State Fire Marshal Stephen D. Coan issued fire safety warnings due to the approaching storm which is likely to cause power outages. “Start your storm preparations by making sure your smoke and carbon monoxide alarms are working and stock up on battery-operated candles and flashlights in case the power goes out,” he said.
This is a good time to charge up cell phones, laptops and other electronics. Many people may lose the ability to make emergency calls when cell phone batteries and the battery-backup for fiber optic telephone/cable/Internet services become depleted.
Prevent Fires from Alternative Lighting, Heating and Cooking
“It can be difficult and frustrating to be without light, heat or the ability to cook for an extended period of time, but it is critical to stay safe and not make a bad situation worse,” said Coan. “After storms, we often see many fires from woodstoves being overloaded, improper disposal of ashes, candles, and improper re-fueling of generators.”
Wood, Coal and Pellet Stoves
“Prevent serious fires from the improper disposal of ashes from fireplaces, wood and pellet stoves,” said Coan. “A single ember can remain hot for days, so put ashes in a metal container with a lid away from the house, the garage, the deck,” he added. Already this heating season, many fires started with ashes put into plastic bags, cardboard boxes, and plastic trash bins, in the garage, under the deck or even in the family room.
“Don’t overload your woodstove as they are not designed to replace central heating systems. An overloaded woodstove can easily start a chimney fire by taking advantage of creosote build-up or minor cracks in the flue, or causing a breakdown in the chimney liner,” said Coan. Heating appliances are the leading cause of carbon monoxide in the home and the risk increases when they are working harder. For more information go to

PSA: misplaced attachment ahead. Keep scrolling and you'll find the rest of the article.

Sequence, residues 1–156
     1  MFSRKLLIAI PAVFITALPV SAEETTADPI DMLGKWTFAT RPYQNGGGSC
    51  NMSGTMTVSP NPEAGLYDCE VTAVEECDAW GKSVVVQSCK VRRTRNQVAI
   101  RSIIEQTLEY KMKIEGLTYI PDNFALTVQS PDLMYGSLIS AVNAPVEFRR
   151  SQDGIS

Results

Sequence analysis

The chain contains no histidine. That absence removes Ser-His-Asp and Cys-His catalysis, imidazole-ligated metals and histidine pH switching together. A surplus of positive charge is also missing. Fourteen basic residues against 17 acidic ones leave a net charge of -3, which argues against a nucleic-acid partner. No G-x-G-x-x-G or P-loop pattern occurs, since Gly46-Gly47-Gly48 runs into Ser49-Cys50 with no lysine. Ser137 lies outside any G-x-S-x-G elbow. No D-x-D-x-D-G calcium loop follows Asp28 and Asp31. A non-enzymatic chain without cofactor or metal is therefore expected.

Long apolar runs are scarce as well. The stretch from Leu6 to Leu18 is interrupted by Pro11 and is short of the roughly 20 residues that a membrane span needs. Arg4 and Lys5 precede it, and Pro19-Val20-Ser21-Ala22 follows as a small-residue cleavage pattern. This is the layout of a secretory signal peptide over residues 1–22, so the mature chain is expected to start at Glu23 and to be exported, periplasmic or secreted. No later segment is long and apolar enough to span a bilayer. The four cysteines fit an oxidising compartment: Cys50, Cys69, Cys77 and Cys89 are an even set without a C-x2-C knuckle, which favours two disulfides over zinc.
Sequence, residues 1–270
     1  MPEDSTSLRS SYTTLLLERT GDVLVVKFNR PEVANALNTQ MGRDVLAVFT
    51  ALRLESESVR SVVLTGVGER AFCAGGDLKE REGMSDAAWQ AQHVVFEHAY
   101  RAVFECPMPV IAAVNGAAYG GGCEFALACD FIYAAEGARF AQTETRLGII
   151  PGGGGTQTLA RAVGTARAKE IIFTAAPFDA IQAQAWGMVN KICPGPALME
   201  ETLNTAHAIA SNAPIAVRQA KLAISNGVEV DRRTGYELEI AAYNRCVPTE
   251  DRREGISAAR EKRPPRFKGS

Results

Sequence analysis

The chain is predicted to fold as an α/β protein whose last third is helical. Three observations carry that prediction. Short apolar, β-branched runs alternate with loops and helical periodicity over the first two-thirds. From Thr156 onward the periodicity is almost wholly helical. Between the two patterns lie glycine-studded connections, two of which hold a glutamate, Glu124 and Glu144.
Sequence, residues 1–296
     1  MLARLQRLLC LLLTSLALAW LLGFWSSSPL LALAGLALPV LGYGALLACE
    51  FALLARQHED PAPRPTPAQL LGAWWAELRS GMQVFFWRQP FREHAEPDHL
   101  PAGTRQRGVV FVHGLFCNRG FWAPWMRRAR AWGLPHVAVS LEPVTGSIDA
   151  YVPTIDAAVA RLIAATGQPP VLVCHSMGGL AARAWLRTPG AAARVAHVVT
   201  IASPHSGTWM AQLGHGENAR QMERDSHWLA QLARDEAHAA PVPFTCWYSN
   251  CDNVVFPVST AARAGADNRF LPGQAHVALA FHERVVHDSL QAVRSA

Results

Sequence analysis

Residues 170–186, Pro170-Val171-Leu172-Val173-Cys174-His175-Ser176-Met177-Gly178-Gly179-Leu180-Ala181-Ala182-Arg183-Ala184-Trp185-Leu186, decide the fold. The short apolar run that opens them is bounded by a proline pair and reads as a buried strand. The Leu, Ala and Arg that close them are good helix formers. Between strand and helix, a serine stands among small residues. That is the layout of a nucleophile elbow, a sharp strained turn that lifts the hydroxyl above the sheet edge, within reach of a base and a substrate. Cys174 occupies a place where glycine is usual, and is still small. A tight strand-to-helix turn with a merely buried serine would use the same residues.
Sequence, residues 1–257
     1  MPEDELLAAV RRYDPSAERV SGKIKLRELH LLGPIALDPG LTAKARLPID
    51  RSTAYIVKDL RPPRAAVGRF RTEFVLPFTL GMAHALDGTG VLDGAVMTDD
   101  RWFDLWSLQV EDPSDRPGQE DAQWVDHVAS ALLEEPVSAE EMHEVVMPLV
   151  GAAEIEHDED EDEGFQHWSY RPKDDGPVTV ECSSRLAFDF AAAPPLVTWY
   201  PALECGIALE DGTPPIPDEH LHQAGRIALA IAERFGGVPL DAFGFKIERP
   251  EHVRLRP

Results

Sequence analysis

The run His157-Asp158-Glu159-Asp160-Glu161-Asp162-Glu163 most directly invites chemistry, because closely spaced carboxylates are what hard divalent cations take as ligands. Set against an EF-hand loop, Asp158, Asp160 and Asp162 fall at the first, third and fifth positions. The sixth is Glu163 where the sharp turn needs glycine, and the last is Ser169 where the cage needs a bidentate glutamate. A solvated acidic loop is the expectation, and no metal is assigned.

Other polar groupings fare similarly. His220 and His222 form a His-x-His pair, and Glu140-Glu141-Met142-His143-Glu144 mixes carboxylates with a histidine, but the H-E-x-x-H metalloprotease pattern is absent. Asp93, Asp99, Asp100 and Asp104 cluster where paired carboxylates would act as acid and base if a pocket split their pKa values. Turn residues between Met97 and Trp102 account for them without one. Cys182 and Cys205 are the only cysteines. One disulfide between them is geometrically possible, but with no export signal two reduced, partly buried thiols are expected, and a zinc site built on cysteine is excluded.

Use Flashlights and Battery-Operated Candles
Use flashlights and battery-operated candles for safety. If you must use flame candles, remember to burn them inside a one-foot circle of safety free of anything that can burn. Place them on a non-combustible surface or in the sink; blow them out when you leave the room or go to bed; and use jar candles or place a globe over stick candles. Keep pets and children away from candles.
Don’t use your oven for heat and don’t bring a hibachi or gas grill inside to cook, doing so can cause carbon monoxide poisoning,” he said. “Use propane or charcoal grills outdoors, at least ten feet away from the house to prevent fires and carbon monoxide poisoning,” he added. “Using them inside the garage, even with the door open poses a serious risk of CO poisoning,” Coan said.
“During the February 2013 blizzard, fire departments responded to a record number of CO calls, many from home generator use,” said Coan.
Place the generator outdoors facing away from doors, windows and vents. Never use a generator inside – even the garage.
Plug appliances directly into the generator or use a heavy-duty, outdoor rated extension cord.
Let the generator cool before refueling.
Have an electrician install an appropriate transfer switch; never plug a generator directly into a wall outlet to avoid “backfeeding” which can electrocute utility workers. (It might be too late for this today!)
Transport gasoline safely in an approved container in the trunk of your car (max. 7 gallons).
Store gasoline in a shed or detached garage away from the house; never store gasoline in the home or an attached garage.
Clear Snow from Furnace and Dryer Vents
Keep outside furnace, hot water and dryer vents clear of drifting snow to prevent flue gases from backing up into the home and creating a carbon monoxide hazard.
Prevent Freezing Pipes
“Let hot and cold water faucets drip a trickle to prevent pipes from freezing, and open cupboards under sinks to let heat circulate around the pipes,” said Coan.
Be a Good Neighbor
Check on elderly neighbors and see if they need extra supplies before the storm.
For more information on safety go to